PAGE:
Class: Antineoplastic Agents
VA Class: AN900
CAS Number: 180288-69-1
Medically reviewed on August 28, 2017
Do not confuse trastuzumab (Herceptin) with ado-trastuzumab emtansine (Kadcyla).1001 1005 1006 Latter agent is an anti-human epidermal growth factor receptor type 2 (anti-HER2) antibody-drug conjugate; the anti-HER2 antibody trastuzumab, a humanized immunoglobulin (IgG1), is conjugated with the microtubule inhibitor DM1 (derivative of maytansine) via the linker MCC (4-[N-maleimidomethyl] cyclohexane-1-carboxylate).1002 1004
Original generic name for Kadcyla was trastuzumab emtansine (established by the US Adopted Name [USAN] Council).1003 1006 Because of similarity between the original generic name for Kadcyla (trastuzumab emtansine) and the generic name for Herceptin (trastuzumab), FDA approved the prefix addition “ado” to the generic name for Kadcyla (i.e., ado-trastuzumab emtansine).1004 1005 However, potential exists for dispensing or prescribing errors involving these drugs.1001 1004 1005 1006
Exercise extra care to ensure accuracy of prescriptions.1001 1002 1005 1006 Institute for Safe Medication Practices (ISMP), FDA, and the manufacturer of ado-trastuzumab emtansine (Kadcyla) recommend that prescribers communicate both brand and generic names for ado-trastuzumab emtansine (Kadcyla) on prescription order forms.1001 1002 1005 1006 (See Possible Prescribing and Dispensing Errors under General Precautions, in Cautions.)
Risk of cardiotoxicity (e.g., ventricular dysfunction, CHF).1
- Anthracyclines and Cyclophosphamide
- Hypersensitivity, Infusion, and Pulmonary Reactions
Onset of symptoms generally occurs during or within 24 hours of initiation of the infusion.1
Interrupt infusion in patients who develop dyspnea or clinically important hypotension.1
Patients should be monitored until signs and symptoms of these effects completely resolve.1
Discontinuance of trastuzumab should be strongly considered in patients who develop anaphylaxis, angioedema, or acute respiratory distress syndrome (ARDS).1
Uses for Trastuzumab
Use as monotherapy for treatment of metastatic breast cancer that has relapsed following prior chemotherapy for metastatic disease in patients with tumors that overexpress the HER2 protein.1 4 5 16 25 26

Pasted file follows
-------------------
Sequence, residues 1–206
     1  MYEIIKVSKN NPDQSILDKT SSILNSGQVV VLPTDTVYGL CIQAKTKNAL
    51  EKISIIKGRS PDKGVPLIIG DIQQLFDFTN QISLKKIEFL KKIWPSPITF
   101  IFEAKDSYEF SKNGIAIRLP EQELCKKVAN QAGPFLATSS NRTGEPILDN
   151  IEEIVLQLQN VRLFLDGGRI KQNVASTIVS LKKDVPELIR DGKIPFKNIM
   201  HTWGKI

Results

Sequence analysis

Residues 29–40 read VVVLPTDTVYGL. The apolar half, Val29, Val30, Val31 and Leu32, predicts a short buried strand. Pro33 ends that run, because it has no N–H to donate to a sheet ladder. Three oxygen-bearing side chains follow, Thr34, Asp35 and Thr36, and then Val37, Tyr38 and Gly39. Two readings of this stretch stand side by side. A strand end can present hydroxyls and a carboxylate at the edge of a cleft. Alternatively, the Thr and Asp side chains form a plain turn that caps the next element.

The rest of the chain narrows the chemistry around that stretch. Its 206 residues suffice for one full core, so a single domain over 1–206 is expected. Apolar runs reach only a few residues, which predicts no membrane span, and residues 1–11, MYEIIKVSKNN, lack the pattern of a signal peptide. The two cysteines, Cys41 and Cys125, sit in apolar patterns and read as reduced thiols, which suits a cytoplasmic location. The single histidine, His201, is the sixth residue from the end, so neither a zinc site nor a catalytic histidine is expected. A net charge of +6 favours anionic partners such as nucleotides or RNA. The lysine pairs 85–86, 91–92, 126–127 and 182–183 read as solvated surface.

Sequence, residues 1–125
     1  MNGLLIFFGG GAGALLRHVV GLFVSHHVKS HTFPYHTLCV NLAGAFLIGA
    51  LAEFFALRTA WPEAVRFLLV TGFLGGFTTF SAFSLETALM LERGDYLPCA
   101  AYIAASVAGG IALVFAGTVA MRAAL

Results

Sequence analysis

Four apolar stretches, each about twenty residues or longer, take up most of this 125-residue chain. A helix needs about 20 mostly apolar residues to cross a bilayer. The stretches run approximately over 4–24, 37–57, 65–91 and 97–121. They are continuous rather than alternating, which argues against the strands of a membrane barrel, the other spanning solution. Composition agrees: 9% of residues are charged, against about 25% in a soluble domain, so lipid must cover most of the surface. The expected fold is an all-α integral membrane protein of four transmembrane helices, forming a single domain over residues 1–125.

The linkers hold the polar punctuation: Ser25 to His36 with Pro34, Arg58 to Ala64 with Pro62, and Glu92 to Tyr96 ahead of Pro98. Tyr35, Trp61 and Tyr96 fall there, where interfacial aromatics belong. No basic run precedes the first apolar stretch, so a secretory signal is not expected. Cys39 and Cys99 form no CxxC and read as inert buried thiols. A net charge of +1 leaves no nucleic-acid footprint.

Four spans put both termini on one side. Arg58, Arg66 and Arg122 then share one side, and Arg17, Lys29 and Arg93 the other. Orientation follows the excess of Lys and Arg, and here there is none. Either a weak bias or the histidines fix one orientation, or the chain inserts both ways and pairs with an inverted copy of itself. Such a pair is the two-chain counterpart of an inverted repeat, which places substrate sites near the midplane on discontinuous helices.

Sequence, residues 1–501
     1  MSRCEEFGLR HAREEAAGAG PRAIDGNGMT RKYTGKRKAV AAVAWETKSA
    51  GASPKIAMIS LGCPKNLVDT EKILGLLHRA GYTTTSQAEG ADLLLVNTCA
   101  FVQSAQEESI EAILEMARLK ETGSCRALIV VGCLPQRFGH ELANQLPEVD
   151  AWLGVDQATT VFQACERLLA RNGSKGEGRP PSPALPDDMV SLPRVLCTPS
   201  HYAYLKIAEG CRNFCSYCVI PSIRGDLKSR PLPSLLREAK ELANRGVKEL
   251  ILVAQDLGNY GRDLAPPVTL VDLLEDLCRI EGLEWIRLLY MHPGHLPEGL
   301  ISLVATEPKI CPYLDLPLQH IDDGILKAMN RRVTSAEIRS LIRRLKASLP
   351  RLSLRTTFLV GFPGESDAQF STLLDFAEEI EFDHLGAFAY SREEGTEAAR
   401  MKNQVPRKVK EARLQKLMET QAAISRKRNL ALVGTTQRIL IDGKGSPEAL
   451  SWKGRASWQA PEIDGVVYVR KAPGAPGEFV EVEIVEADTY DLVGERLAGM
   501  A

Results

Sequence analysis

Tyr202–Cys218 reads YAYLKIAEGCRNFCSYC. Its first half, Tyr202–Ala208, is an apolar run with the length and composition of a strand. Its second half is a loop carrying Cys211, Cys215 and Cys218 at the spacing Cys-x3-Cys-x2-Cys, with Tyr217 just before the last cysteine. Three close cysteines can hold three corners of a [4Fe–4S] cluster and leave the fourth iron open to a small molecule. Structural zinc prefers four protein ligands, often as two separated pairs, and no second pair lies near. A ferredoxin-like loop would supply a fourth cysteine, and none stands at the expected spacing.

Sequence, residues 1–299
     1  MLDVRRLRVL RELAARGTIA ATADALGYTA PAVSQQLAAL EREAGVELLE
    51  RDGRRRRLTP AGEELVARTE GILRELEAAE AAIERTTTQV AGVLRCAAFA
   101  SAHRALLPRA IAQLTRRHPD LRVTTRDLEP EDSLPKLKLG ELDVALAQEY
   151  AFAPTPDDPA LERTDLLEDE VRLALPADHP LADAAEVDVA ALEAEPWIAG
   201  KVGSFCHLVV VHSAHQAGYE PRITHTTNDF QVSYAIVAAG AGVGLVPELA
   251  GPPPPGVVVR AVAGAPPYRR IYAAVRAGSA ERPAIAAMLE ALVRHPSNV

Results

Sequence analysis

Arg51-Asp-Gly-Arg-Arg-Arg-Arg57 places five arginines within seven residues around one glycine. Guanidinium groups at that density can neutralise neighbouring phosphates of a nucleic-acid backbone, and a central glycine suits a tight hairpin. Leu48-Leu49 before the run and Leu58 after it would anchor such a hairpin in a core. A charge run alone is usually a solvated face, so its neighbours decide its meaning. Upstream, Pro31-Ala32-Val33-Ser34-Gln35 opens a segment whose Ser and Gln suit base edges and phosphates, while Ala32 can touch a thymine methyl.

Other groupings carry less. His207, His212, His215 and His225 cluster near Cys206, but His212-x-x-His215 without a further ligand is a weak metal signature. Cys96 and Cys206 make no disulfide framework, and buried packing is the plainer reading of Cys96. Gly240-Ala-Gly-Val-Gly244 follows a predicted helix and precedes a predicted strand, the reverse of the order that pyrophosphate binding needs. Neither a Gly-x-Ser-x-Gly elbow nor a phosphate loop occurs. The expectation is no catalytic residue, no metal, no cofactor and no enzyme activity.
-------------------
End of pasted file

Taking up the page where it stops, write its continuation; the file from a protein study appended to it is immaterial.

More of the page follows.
Evaluation of HER2 status is required prior to initiating therapy.1 (See Evaluation of HER2 under Cautions.) Use only in patients whose tumors overexpress HER2 protein.1 Not indicated for use in patients with tumors that do not overexpress the HER2 protein.1 5
Although the use of trastuzumab in combination with an anthracycline and cyclophosphamide for initial treatment of HER2-overexpressing metastatic breast cancer has been investigated in a large, randomized clinical trial,1 3 the clinical benefit did not outweigh the increased risk of serious cardiac toxicity and use of this combination regimen did not receive approval from FDA.6 17 19
Trastuzumab Dosage and Administration
Observe patients for fever and chills or other infusion-associated symptoms during infusion.1 (See Infusion-related Effects under Cautions.)
Infusion should be interrupted in patients experiencing dyspnea or clinically important hypotension.1 Discontinuance of therapy should be considered strongly in patients who develop ARDS, anaphylaxis, or angioedema.1 Immediately discontinue infusion and initiate appropriate medical treatment if severe trastuzumab-induced reactions occur.1 24 Patients should be monitored carefully until signs and symptoms have resolved completely.1
Administer by IV infusion.1
Do not administer by rapid IV injection (e.g., IV push or bolus).1
Reconstitute prior to administration.1
Reconstitute vial containing 440 mg of lyophilized drug with 20 mL of the supplied bacteriostatic water for injection, containing 1.1% benzyl alcohol to provide a solution containing 21 mg of trastuzumab per mL.1 22
Alternatively, for patients sensitive to benzyl alcohol, reconstitute using 20 mL of sterile water for injection.1
Handle with care during reconstitution; shaking the reconstituted solution or causing excessive foaming during the addition of diluent may cause problems with dissolution and the amount of the drug that can be withdrawn from the vial.1 22
Slowly inject 20 mL of diluent into the vial with the stream of diluent directed into the lyophilized cake of trastuzumab.1 22 Swirl vial gently to aid reconstitution; do not shake reconstituted solution because trastuzumab may be sensitive to shear-induced stress (e.g., agitation, rapid expulsion from a syringe).1 22
Allow vial to stand undisturbed for 5 minutes following reconstitution; slight foaming of the reconstituted solution is not unusual.1 22 Reconstituted solution should be clear to slightly opalescent, colorless to pale yellow, and free of visible particulate matter.1 22
Vials reconstituted with bacteriostatic water for injection should be immediately labeled in the area marked “Do not use after:” with the future date that is 28 days from the date of reconstitution; discard unused portions after 28 days.1
Vials reconstituted with sterile water for injection should be used immediately; discard any unused solution.1
Dilute reconstituted solutions prior to administration by adding an appropriate volume of trastuzumab 21 mg/mL solution to a polyvinyl chloride or polyethylene infusion bag containing 250 mL of 0.9% sodium chloride injection; gently invert bag to mix the solution.1
Do not dilute infusion solutions in or administer with 5% dextrose injection; do not mix or dilute trastuzumab with other drugs.1
Rate of Administration
Administer initial loading dose over 90 minutes; if initial dose is well tolerated, administer maintenance doses over 30 minutes.1
Metastatic Breast CancerIV
Initially, 4 mg/kg as a loading dose followed by once-weekly maintenance doses of 2 mg/kg.1 4 Continue once-weekly administration until disease progression or intolerable toxicity is observed.4 6 7 18 19
Adjuvant Treatment of Early Breast Cancer†IV